• TommyB

        Also see one of my comments above for another argument against the logic of calling Cochran “immoral.”

  • blackbird13

    After the horrible events in Paris, there has been a strong affirmation of the importance of freedom of expression, and rightly so. But what’s perhaps missing is an equally strong affirmation of the secularism of western societies. The following quote is from the first editorial in Charlie Hebdo after it was attacked:

    “We will hope that as of this January 7, 2015, strongly defending secularism will be second nature for everyone.”

    Yes, people have the right to believe whatever nonsense they choose to and speak about it, but they do not have the right to positions of authority over others while condemning them for not agreeing.

    • TommyB

      You equate disagreeing with someone’s actions or beliefs as “condemning.” Fine. So imagine a vegetarian who doesn’t eat meat because he believes eating meat is cruel to animals and morally wrong. He becomes a fire chief. He writes a biography and at one point he discusses his moral reasoning behing becoming a vegetarian. Everyone in the fire department, most of them meat-eaters, knows that their fire chief disagrees with them morally on the issue of eating meat. But the vegetarian fire chief has never shown discrimination or favortism based on his beliefs about eating meat. Has the vegetarian fire chief “condemned” those over whom he has authority? Should he be fired?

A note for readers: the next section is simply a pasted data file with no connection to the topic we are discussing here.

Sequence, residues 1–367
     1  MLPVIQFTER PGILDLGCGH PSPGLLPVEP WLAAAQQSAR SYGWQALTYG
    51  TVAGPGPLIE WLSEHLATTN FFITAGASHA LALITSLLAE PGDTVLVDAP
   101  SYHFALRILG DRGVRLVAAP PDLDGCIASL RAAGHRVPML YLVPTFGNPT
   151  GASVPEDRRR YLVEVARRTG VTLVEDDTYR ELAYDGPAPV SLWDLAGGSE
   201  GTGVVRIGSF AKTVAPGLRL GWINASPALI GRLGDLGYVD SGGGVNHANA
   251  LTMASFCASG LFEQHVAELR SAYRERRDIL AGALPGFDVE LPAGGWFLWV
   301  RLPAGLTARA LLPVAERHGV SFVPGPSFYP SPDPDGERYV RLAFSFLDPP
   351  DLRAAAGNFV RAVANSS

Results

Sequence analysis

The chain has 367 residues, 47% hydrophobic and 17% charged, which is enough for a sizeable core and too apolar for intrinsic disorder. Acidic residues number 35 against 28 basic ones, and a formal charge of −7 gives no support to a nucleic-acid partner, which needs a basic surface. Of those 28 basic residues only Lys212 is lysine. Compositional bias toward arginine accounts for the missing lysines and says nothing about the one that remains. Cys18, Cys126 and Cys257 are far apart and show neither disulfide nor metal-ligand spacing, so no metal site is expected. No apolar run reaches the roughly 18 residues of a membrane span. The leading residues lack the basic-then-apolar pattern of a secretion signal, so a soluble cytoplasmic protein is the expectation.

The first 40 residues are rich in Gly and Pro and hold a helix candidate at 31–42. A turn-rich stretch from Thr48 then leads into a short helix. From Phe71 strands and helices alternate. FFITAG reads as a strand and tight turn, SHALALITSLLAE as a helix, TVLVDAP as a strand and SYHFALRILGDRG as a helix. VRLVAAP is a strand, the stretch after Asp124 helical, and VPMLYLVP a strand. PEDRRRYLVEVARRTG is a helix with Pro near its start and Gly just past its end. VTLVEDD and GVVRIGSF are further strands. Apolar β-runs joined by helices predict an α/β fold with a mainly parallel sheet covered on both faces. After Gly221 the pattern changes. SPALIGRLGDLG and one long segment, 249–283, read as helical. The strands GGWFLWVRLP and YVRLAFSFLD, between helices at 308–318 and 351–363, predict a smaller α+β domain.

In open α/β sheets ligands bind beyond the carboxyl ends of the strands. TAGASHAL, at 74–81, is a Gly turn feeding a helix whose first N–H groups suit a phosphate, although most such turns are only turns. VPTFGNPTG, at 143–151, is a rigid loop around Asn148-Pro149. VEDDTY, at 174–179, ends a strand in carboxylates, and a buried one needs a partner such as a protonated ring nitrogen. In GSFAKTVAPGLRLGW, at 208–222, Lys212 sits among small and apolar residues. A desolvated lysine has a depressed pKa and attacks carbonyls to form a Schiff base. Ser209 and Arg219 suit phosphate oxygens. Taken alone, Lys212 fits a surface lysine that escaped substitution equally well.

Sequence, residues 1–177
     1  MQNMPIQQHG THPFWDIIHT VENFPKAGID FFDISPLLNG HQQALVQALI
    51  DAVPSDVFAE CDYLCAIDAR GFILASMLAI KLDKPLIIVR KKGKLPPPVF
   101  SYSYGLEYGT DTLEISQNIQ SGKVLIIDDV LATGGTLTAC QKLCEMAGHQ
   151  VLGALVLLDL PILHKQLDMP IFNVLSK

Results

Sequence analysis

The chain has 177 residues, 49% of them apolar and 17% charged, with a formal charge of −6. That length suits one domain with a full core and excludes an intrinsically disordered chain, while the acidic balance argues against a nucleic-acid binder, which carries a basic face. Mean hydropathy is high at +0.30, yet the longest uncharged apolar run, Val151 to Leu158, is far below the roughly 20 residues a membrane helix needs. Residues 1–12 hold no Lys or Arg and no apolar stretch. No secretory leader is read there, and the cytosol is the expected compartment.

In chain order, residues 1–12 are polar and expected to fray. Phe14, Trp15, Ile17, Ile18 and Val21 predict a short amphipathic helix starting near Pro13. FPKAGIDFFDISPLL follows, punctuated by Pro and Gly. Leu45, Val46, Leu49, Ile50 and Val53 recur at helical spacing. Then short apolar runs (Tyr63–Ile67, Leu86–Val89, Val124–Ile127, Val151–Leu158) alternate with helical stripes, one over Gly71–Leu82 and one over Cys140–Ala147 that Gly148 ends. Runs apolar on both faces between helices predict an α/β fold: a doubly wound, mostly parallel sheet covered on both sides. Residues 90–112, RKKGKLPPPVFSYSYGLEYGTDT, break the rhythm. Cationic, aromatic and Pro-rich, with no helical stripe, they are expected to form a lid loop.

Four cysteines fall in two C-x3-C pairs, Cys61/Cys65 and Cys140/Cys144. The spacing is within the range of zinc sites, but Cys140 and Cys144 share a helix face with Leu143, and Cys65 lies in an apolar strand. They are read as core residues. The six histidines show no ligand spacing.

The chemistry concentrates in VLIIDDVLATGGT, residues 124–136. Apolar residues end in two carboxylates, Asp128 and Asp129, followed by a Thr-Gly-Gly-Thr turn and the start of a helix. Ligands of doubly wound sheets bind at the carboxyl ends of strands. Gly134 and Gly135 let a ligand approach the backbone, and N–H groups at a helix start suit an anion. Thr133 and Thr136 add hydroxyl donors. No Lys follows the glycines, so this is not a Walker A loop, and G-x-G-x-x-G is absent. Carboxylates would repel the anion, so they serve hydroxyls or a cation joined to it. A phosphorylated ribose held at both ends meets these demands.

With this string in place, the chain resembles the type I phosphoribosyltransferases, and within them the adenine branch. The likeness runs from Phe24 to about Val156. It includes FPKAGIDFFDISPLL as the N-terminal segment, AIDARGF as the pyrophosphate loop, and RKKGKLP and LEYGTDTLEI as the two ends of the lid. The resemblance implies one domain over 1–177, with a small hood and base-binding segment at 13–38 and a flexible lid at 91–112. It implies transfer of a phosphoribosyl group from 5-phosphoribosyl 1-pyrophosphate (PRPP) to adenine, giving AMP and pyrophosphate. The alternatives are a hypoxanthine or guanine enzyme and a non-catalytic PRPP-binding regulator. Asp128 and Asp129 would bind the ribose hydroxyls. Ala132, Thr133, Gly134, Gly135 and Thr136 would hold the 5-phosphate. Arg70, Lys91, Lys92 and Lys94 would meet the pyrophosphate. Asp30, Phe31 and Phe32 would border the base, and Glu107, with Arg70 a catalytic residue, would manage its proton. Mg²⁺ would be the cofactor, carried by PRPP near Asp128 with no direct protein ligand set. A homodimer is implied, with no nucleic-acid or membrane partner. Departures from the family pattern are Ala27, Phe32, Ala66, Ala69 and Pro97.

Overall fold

• blackbird13

        It would depend on the language used, but I would not agree with equating someone’s sexual identity with the decision to eat or not eat meat. And I’ll ask a hypothetical of you: if he were a Muslim and he wrote a book that said Christians are condemned to hell if they don’t convert, should he be fired? I say yes.